Leaning In To Life

Lean InAfter reading and loving Lean In, I have been pondering the concept.

Many of us can attest to the fact that Sandberg, while writing to a wide audience, is actually addressing a niche group.

After several years over HR, this truth became even more abundantly clear.

The vast majority of folks sit in the cut; they do as little as possible to get by at work. I could never relate to this lack of enthusiasm and vision; however, I frequently wondered if they had it right all along.

Most of my fellow employees who made mediocrity (or worse) their home had what appeared to be interesting personal lives. Plus, they always left work by 5 PM.

The thorn in this plan is that they never rose to (or remained in) a position where their salary could create future freedom and they also never took the risk to go out on their own to create freedom now.

While they weren’t very dedicated, they were still slaves to their jobs.

The women that Sandberg’s manifesto sings to are the overachievers and high performers who are struggling to balance expectations at work, at home, and from within. These are the women who can lean in and fully commit, an attitude that would only become self-reinforcing for a type-A personality.

I have spent years trying to lean in to every aspect of my life, because that’s the overachiever mentality. I had to be great as an employee, a leader, a mother, a wife, a cook…everything.

Unfortunately, I finally had to acknowledge that leaning in to traditional work is mutually exclusive from leaning in to life.

As a former executive who was constantly scanning the organization’s workforce for high performers, I can tell you that if you have even a basic level of competence and truly lean in to excellence on the job, you will eventually (or quickly) get promoted. Once promoted, you will likely continue to rise.

Barring being promoted out of your skill set, you will find yourself in a highly rewarding, but highly demanding position, potentially in the C-suite.

Inevitably, your mind will have responded to your years of focus and the hamster wheel will turn 24/7 with thoughts of work. You will work at least 50 hours each week, on-site. There will be many more hours spent at home, at the park with your kids, or on vacation where you will be working in your head, if not outright on your laptop or smartphone.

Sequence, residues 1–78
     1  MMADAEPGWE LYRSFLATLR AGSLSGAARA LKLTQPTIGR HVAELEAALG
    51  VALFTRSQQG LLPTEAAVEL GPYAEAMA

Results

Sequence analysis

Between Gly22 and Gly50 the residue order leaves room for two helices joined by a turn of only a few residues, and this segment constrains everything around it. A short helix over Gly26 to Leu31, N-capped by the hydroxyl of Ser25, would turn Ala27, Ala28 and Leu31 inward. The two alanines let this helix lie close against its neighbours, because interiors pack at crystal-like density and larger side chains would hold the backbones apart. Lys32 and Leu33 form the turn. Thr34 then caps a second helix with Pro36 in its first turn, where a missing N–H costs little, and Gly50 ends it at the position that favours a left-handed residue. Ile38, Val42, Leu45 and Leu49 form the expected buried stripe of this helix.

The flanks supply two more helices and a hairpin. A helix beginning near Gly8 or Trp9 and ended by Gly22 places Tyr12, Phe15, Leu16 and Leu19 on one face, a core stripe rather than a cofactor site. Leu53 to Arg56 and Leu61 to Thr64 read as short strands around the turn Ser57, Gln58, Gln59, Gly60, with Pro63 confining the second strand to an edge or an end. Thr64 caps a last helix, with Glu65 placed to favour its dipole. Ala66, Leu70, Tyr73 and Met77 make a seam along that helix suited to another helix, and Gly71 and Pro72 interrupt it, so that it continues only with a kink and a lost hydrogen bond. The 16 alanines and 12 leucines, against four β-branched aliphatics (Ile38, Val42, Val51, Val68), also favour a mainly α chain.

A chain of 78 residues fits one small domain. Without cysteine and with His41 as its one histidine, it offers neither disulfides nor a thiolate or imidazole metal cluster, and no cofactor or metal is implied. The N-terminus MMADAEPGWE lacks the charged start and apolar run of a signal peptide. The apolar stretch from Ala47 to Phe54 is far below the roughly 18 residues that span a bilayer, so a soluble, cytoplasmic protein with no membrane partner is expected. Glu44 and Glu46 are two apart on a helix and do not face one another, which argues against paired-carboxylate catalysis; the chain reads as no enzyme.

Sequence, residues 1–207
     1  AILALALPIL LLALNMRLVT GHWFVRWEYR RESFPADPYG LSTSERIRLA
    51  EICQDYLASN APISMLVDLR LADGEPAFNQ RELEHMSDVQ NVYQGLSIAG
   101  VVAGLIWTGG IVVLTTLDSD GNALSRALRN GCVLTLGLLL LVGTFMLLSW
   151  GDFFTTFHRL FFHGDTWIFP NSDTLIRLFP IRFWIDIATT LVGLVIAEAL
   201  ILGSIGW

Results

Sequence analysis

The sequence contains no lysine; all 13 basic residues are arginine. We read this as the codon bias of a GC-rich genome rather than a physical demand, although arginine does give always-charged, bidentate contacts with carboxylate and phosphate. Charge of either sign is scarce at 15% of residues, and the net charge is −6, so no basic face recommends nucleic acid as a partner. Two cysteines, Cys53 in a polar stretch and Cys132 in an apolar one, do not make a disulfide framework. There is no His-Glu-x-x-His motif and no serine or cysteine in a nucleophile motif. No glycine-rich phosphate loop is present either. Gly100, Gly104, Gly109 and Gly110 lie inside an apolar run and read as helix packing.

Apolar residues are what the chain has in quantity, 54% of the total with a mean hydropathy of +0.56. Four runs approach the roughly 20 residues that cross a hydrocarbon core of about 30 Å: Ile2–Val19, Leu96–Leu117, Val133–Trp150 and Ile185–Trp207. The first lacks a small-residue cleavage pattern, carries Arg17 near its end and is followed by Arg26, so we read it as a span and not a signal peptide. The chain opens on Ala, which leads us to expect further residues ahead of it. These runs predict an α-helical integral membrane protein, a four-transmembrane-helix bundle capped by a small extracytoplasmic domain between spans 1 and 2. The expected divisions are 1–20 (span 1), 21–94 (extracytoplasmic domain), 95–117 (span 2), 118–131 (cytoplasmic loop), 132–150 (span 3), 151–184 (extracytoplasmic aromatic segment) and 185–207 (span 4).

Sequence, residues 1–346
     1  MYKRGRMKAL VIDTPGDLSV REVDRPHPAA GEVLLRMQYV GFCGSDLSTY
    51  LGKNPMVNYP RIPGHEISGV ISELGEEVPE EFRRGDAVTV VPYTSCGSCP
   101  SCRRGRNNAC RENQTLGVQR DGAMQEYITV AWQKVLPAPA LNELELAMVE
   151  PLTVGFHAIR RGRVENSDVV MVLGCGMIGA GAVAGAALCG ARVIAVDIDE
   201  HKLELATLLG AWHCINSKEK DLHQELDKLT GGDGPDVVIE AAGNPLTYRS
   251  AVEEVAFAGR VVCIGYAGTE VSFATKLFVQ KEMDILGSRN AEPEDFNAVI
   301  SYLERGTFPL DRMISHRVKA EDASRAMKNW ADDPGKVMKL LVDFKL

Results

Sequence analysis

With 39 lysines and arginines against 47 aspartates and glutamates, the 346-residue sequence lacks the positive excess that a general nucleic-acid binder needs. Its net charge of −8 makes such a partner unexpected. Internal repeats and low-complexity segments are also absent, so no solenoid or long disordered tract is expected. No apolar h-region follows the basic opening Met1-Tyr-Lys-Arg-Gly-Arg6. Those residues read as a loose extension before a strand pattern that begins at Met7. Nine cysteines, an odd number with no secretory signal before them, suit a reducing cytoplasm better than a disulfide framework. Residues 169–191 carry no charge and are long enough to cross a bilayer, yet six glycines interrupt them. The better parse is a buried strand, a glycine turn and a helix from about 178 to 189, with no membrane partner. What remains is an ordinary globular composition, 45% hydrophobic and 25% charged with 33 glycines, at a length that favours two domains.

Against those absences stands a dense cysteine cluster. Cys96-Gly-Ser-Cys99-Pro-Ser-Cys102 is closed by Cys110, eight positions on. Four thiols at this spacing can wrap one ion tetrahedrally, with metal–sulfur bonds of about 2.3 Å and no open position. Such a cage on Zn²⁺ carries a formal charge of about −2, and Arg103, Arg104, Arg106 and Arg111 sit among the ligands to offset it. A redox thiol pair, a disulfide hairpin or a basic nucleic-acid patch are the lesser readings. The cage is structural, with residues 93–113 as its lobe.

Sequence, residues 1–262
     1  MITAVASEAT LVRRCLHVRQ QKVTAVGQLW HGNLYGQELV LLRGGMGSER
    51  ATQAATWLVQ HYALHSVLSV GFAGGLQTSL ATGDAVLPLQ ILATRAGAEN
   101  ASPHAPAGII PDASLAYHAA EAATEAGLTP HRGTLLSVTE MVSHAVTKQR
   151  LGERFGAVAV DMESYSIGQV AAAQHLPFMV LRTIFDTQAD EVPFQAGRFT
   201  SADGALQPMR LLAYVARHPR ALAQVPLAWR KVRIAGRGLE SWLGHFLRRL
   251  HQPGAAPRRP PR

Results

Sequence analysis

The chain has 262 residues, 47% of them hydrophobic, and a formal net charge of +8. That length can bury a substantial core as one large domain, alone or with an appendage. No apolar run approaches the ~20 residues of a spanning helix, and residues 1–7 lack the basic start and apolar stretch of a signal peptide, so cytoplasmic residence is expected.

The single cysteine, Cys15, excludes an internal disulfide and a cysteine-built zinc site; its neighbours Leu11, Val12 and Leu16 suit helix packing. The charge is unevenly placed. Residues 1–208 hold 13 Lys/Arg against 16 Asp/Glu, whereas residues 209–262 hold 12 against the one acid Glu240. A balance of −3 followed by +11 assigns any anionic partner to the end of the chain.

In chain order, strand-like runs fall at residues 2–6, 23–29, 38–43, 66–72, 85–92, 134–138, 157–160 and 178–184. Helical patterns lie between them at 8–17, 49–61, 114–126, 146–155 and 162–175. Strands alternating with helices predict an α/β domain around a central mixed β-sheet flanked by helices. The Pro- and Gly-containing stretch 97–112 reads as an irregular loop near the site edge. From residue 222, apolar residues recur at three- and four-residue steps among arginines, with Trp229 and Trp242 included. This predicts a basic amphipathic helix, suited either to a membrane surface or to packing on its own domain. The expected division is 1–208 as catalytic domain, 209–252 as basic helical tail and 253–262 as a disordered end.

Work will become at least 75% of your life.

For me, it was more like 90%.

I lived and breathed my job, and I was great at it. And while I tried to be the best mother and wife possible, at least when I was home, I failed miserably and constantly. There isn’t much rope left at the end of a long, high pressure day. Even when I attempted to cook a decent meal (the one time each week that I was home to cook it), I often failed at that favorite task as well.

In my imperfect opinion, having experienced the lifestyle of a C-suite position and now that of a work-at-home solopreneur, the sacrifice of leaning in at a traditional corporate job is just too great.

The opportunity cost is to lean out of your actual life, and we likely get just one shot at this.

Leaning in to life for me has meant sitting on the porch with my coffee when I would normally be getting ready. Having breakfast as a family (still in my pajamas) and writing and reading every day.

I get to spend the day with my 3-year-old, pick up my 8-year-old from school, cook whenever I want, take my kids on afternoon rides on the four-wheeler, and hike when I would normally be commuting.

My days feel free because of so much time saved, translating to sitting in the hot tub having pointless but funny conversations, exercising frequently (and actually having fun), and ending each day on the porch with a glass of wine, watching the baby deer and bunnies cross through the yard.

Bookending each day with a beverage on the porch? That’s my brand of leaning in.

How do you lean in to your life, or how would you if you could really commit? Have you found a way to balance a traditional job with an incredible life?

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